Thursday, August 30, 2012

Global Blue Carbon Storage

Manatees are long-lived marine mammals whose diet consists of sea grass (Photo: S. Lutz)

Benjamin S. Halpern et al. have published an article in the nature journal unveiling the "Ocean Health Index", a tool to measure the condition of the world's oceans and coastal ecosystems. The Ocean Health Index also includes a map of global Blue Carbon storage.

An index to assess the health and benefits of the global ocean

AbstractThe ocean plays a critical role in supporting human well-being, from providing food, livelihoods and recreational opportunities to regulating the global climate. Sustainable management aimed at maintaining the flow of a broad range of benefits from the ocean requires a comprehensive and quantitative method to measure and monitor the health of coupled human–ocean systems. We created an index comprising ten diverse public goals for a healthy coupled human–ocean system and calculated the index for every coastal country. Globally, the overall index score was 60 out of 100 (range 36–86), with developed countries generally performing better than developing countries, but with notable exceptions. Only 5% of countries scored higher than 70, whereas 32% scored lower than 50. The index provides a powerful tool to raise public awareness, direct resource management, improve policy and prioritize scientific research.

Reference: Halpern, B. S. et al. (2012): An index to assess the health and benefits of the global ocean. Nature advance online publication:

Related stories:

- Posted by Sven Stadtmann, GRID-Arendal

Wednesday, August 29, 2012

Blue Carbon in Indonesia

Mangroves of Bali (photo: S. Lutz)

In his article, author Andreas A. Hutahaean, principal investigator of the Indonesia Blue Carbon Project, shows the importance of Blue Carbon ecosystems and addresses the urgent need for conservation efforts in Indonesia -

Blue Carbon: A new hope for Indonesia

The Jakarta Post | Tuesday, August 28th, 2012 | by Andreas A. Hutahaean

While carbon dioxide emissions reductions are currently at the center of global climate change discussions, the critical role of coastal-marine ecosystems for carbon sequestration or as sinks has been overlooked or even neglected. The reasons are mainly due to the lag of scientific data because of the complexity of coastal-marine ecosystems.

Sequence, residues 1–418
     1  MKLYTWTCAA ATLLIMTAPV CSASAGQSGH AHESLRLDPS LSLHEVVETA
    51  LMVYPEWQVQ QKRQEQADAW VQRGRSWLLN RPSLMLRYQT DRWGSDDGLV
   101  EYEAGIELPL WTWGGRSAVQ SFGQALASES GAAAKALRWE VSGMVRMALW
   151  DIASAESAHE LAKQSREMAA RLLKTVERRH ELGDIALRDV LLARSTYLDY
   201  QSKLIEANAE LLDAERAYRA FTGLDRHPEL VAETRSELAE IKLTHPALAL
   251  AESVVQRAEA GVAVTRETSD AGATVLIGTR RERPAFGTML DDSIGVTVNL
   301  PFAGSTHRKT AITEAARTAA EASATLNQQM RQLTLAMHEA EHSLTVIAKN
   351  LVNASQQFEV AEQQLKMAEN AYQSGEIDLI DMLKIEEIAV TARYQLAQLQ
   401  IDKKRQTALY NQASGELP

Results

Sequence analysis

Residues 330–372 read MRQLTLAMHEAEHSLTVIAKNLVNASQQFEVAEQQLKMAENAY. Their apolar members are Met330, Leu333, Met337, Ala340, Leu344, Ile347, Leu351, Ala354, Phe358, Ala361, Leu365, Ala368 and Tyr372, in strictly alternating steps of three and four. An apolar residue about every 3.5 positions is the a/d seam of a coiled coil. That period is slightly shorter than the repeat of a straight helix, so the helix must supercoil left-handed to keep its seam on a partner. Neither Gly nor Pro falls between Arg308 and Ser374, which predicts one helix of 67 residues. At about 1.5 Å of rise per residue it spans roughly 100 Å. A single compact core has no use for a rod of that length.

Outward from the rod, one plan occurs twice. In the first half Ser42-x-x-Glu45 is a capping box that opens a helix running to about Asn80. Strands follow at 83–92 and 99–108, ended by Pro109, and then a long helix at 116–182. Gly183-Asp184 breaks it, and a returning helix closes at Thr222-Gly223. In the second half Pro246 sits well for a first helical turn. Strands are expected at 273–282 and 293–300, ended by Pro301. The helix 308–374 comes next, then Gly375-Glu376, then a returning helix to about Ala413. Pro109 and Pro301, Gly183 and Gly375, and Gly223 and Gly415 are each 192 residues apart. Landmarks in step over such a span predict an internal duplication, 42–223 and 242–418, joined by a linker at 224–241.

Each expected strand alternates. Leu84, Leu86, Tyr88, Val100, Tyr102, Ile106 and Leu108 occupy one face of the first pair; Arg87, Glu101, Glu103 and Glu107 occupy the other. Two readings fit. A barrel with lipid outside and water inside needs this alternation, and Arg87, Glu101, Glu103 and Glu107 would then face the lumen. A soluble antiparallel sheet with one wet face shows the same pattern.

In Indonesia, these ecosystems have not received sufficient attention considering their importance for climate change strategy, as most of the attention has gone to terrestrial ecosystems, such as the forest and agricultural sectors.

Moreover, the Indonesian program on REDD (Reducing Emissions from Deforestation and Forest Degradation) is running slow and its forest moratorium has not worked well, making it unlikely that the Indonesian government will meet its pledge to reduce carbon emissions by 26 percent by 2020.

Tropical coastal-marine ecosystems such as mangroves and seagrass meadows are known as hot spots for biodiversity and for their valuable ecosystem services. Recently, scientists found out about the important functions of the ecosystems as carbon sequestration or sinks. This carbon, captured by coastal-marine organisms through photosynthesis, has been called blue carbon. 

In this process, mangrove and seagrass binds carbon dioxide and water, and, with the assistance of sunlight, is converted into sugars and oxygen to support their growth. The remaining excess production of the plant is buried in the sediment, where it can remain stored.

Indonesia, an archipelagic country, is located along the equator at the heart of the so-called Coral Triangle. The nation’s geography causes warm climate over the country and has made the Indonesian coastal-marine environment become a suitable habitat for the growing of mangroves and seagrass. 

Recently, researchers found that seagrass meadows could store up to 83,000 tons of carbon/m3/km2, mostly in the sediments beneath them. In comparison, terrestrial forests store about 30,000 tons of carbon/m3/km2, most of which is in the form of wood. This study was the first global analysis of carbon stored in seagrass and the finding was published in Nature Geoscience in May.

The study also estimates that, although seagrass meadows take up small percentage of global coastal area (about less than 0.2 percent of world’s oceans), they are responsible for more than 10 percent of all carbon buried annually in the sea.

Similar to seagrass, mangrove ecosystems have been known for their high productivity in the carbon cycle. The ecosystem can store a large amount of carbon in the deep organic sediment in which it thrives. It has the ability to store five times as much carbon as has been observed in temperate, boreal and tropical rainforests. This high amount carbon storage suggests mangroves could play an important role in climate change mitigation.

However, Indonesia’s blue-carbon ecosystems are among the world’s most threatened. About 3 to 7 percent of the ecosystems are disappearing every year, with the worst conditions found on the north coast of Java. The main reasons is mostly dredging, the degradation of water quality, deforestation and aquaculture activities. 

A pilot project on Indonesian Blue Carbon in Banten Bay found at least 70 percent of the mangrove ecosystem was lost to aquaculture farms or land reclamation, while only 20 to 30 percent was used effectively by fisherman. To overcome these problems, strong attention from local communities and the government are needed.

Healthy natural coastal-marine ecosystems, such as mangrove and seagrass, provide a vast array of important co-benefits to coastal communities, particularly fishermen. These benefits include ecosystem services such as the protection of shorelines from storms, erosion or sea-level rise; the provision food from fisheries; the maintenance of water quality and landscapes for ecotourism.